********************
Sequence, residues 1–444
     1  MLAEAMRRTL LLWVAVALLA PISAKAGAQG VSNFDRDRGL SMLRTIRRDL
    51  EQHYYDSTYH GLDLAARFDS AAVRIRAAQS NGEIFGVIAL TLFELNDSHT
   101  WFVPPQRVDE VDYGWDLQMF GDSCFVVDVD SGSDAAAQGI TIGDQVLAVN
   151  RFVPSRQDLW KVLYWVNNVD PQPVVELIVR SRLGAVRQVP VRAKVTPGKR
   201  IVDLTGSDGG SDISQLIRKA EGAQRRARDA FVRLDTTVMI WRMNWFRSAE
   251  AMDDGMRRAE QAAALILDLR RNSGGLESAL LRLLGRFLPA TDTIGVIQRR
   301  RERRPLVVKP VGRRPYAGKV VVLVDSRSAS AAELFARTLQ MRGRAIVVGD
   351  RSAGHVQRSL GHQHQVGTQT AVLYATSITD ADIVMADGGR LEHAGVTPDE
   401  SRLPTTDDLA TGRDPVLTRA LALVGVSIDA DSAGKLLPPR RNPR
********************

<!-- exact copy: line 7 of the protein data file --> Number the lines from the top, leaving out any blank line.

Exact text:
   251  AMDDGMRRAE QAAALILDLR RNSGGLESAL LRLLGRFLPA TDTIGVIQRR